Due to the nature of this type of business, it is advantageous to associates to advance to the next “level”. This can be done with much greater facility due to the training aids as well as the Success Tracker provided to its associates.
Mannatech’s training organization is well developed but its website for sales needs considerable improvement. The company would benefit from having a direct line to the customer. However, it has chosen the indirect route through the associates. This could be very difficult if the shopper does not know a sales associate. The tactic helps the bottom line of the associate but no doubt loses many sales in the process. If their mission of helping the malnourished were primary in their mind, they would make haste to change this approach.
Although the sign up cost is minimal, associates are strongly urged to purchase packages of products on a monthly basis. This can be a very costly endeavor. True, this practice provides a good discount but this line of thinking resembles the practice of buying something simply because it is on sale. If you don’t need it, you are still wasting money.
In brief, the practice sounds better than the reality.
It is extremely difficult to determine whether the supplements help the individuals since there are so many factors that are involved in a serious illness. Almost anyone can be made to believe that time will heal all illness because, in truth, everyone wants to have something to hope for and believe in. There is little scientific proof that any of the products are any better than the other supplements (like prohormones or probiotics) on the shelves of a grocery store or pharmacy.
In 2005, after being in business for some 12 successful years, the founder and CEO of the company, Sam Caster, became entangled with the Texas Attorney General’s office for false claims of his products(1). The company never admitted to wrong doing but did settle out of court to prevent a long court battle that would hurt the company’s bottom line with negative publicity.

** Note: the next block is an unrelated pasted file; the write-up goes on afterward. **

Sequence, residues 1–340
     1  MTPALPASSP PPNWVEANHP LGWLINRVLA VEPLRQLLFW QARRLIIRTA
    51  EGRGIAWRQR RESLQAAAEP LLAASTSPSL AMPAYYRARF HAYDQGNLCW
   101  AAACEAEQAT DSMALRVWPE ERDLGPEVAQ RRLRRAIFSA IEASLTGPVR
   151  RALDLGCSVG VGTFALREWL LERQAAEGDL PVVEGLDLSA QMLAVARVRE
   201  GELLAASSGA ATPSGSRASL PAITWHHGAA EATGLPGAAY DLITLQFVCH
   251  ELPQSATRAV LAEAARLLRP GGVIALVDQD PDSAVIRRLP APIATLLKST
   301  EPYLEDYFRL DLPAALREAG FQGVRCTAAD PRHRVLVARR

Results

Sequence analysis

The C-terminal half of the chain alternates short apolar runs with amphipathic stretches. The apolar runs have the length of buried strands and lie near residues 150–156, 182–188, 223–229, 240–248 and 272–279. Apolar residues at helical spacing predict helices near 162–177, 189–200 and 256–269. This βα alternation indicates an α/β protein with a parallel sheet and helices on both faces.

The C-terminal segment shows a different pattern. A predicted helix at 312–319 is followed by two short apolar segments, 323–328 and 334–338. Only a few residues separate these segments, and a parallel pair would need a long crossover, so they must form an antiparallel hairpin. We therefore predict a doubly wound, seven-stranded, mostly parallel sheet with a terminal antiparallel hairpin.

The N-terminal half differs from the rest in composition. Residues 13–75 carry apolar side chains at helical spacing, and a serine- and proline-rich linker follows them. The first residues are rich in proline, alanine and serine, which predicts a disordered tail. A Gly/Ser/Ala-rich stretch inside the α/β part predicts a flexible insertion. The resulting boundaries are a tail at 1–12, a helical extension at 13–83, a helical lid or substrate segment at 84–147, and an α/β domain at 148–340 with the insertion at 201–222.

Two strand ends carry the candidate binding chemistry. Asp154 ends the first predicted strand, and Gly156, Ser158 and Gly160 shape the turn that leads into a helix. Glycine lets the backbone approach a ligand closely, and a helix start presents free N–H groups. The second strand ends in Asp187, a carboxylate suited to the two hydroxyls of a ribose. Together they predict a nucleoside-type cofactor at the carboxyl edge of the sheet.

A year later the Attorney General became involved again for similar accusations. The company paid a heavy fine and promised to act in accord with state law as well as to follow Federal statutes in their practice of sales.
In 2007 when the Attorney General was brought in a third time, for the same offense, the company was fined heavily again and the Founder, Sam Caster, was forbidden to be involved in any form of leadership within its ranks for a period of 5 years. He maintains a consultative role and has an office with an assistant in the central office.
Sadly, although the mission is very noble, the founder and his team do not seem to follow suit. The company, though well organized, is clearly one that fosters products that are not scientifically backed. There is no guarantee that said products will deliver what is promised. Dealing in good faith with a company whose founder was thrice found guilty of deception, says a great deal about the character of the company.